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After tying a school record with 12 home runs this past season, rising senior catcher Will Davis is taking a different approach at the plate this summer.

“[I’m] actually try[ing] to do a little bit of the opposite of what I did at school,” he said. “So less getting under balls and trying to pull home runs and more swinging with the hands, more contact swing.”

And though a different approach may seem unnecessary given his recent success, Davis’ hitting adjustment makes much more sense once you consider the differences between summer league ball and the regular season.

The biggest, and most obvious, difference is the use of wooden bats in summer league play.

“[With] aluminum, I have a tendency to try to muscle up on pitches and over-swing,” Davis explained. “With wood, you really can’t do that because the bat is a little bit heavier. So you have to be more disciplined in your approach, more disciplined in your swing.”

Though Davis hit a respectable .281 for the Quakers this past season, the Atlanta, Ga., native is off to a tremendous start for his summer league team, the Alexandria (Va.) Aces. Through the team’s first sixteen games, he is hitting .373 with five doubles, a triple and a home run thanks to his adjustments at the plate. About a week ago, he received co-Player of the Week honors in the Cal Ripken Collegiate League.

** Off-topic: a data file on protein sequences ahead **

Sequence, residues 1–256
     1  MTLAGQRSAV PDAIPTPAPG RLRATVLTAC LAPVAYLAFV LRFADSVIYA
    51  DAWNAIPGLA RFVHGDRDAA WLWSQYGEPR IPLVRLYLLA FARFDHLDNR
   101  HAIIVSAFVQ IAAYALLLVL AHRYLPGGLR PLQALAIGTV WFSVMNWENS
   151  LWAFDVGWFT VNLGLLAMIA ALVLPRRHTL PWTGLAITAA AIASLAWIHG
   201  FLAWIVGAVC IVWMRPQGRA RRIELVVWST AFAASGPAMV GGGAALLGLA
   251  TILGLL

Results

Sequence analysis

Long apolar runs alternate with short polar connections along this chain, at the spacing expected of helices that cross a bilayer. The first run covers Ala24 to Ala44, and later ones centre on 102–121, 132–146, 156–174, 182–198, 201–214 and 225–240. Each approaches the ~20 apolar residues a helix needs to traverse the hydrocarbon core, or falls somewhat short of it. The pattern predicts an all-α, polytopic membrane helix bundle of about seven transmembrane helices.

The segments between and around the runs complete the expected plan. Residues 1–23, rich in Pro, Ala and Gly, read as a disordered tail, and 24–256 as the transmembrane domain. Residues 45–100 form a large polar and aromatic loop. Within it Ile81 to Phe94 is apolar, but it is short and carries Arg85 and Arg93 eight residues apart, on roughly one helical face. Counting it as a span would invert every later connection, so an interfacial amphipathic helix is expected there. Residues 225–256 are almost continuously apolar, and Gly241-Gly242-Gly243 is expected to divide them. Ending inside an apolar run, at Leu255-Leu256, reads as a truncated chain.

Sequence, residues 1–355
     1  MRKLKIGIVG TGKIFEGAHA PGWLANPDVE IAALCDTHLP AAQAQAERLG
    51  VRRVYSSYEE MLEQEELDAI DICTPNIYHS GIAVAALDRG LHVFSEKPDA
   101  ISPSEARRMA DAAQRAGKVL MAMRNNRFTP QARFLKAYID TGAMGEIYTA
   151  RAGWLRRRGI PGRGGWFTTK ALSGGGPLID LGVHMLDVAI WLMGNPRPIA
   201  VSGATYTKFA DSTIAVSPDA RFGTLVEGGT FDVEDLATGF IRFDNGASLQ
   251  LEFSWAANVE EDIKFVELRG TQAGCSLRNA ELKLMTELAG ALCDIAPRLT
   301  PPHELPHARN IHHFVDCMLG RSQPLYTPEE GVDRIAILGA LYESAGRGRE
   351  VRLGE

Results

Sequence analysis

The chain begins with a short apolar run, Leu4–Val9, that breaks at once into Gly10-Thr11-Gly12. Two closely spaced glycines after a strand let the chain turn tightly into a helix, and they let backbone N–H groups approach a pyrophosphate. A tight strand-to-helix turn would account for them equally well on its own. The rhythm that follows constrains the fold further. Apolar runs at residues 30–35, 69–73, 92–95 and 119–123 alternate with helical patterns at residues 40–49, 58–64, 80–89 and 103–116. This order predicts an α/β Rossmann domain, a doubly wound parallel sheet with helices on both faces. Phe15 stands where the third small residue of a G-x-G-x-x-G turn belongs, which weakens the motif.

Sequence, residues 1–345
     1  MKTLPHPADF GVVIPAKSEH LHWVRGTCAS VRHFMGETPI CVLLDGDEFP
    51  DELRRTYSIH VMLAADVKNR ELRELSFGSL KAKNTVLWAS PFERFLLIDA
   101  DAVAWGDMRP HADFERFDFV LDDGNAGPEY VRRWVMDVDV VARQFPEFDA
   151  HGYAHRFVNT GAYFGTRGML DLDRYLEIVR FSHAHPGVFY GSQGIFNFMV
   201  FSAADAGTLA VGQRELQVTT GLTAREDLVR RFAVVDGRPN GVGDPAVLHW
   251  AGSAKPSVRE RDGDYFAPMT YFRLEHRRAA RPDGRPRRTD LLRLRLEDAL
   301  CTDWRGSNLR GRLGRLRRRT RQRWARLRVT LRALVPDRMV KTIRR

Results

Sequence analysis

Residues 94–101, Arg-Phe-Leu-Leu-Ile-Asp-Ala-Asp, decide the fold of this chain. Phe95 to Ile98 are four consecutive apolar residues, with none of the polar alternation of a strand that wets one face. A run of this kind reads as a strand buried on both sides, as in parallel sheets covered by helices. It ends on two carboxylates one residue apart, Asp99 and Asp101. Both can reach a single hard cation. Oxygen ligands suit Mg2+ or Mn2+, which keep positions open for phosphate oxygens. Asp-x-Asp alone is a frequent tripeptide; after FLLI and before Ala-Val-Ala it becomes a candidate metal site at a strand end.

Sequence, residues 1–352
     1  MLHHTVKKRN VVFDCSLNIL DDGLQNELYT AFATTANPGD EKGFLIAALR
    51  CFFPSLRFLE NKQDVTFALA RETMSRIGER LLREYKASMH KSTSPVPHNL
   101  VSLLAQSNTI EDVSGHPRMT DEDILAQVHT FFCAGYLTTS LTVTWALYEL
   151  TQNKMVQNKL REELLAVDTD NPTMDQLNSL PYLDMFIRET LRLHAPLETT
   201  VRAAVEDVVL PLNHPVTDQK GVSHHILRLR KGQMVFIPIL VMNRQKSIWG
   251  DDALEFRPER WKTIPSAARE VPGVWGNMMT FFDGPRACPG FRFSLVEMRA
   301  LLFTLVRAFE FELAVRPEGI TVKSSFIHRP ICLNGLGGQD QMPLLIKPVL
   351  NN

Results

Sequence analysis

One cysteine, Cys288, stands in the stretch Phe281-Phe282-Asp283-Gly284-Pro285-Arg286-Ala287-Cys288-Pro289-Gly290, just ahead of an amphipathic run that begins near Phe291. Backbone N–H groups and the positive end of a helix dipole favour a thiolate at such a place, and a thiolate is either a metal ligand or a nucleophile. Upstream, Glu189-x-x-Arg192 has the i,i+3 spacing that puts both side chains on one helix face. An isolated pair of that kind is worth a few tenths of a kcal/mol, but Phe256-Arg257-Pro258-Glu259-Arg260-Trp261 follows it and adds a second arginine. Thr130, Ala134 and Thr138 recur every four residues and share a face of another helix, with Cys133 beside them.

Davis’ improved average can’t be credited to lower-quality pitching. In fact, he said that in the Ripken League, the talent of the pitchers is better “as far as velocity” goes than that of the Ivy League. Nevertheless, he also highlighted another important caveat that he thinks has helped him hit for better average.

“A lot of guys try ... [to] overpower you with the fastball, so they think they can throw it by you,” Davis said. “And if you get your foot down and your timing set, you can usually put a good swing on the ball [and] get a base hit.”

Rising junior pitcher Chris McNulty, Davis’ teammate with the Quakers and the Aces, provided the pitcher’s perspective.

“As a pitcher, your mentality has to be to throw the fastball and see if the hitter has adjusted [to the wooden bats],” McNulty said. “Because a lot of hitters with wood are just unable to swing the [heavier] bat and hit fastballs.”

Strategy aside, summer league baseball is less about adjusting to the differences in equipment and more about improving and staying sharp for the next collegiate season.

So while Davis works on hitting for contact, McNulty is looking to improve his performance on the mound.

“Something I struggled with at Penn is attacking the first hitter in the inning,” McNulty admitted, explaining that he gave up a number of walks and hits to leadoff hitters. “So that’s something I’m working on.”

Thus far, McNulty has pitched fairly well for the Aces. His last outing, on June 21, was his best of the summer — he pitched 2.1 innings, struck out two, gave up two hits and a run and earned a win for his efforts.

In addition to improving, summer leaguers can put themselves on the map in scouting circles with a strong performance. In fact, 31 Ripken Leaguers were selected in the MLB draft two weeks ago.

Yet none of these opportunities are available without a little bit of help from the coaching staff. Through various baseball connections, Penn head coach John Cole and his assistant coaches try to place the Quakers in various summer leagues throughout the country, attempting find a match based on talent and location.

Those connections have proven to be quite rewarding for some of the Quakers both on the field and off of it. Inspiring the envy of many, rising senior Miami native Adrian Lorenzo can be found gracing the summer league diamond in Hawaii this year.

Now that’s a perk to playing summer ball.

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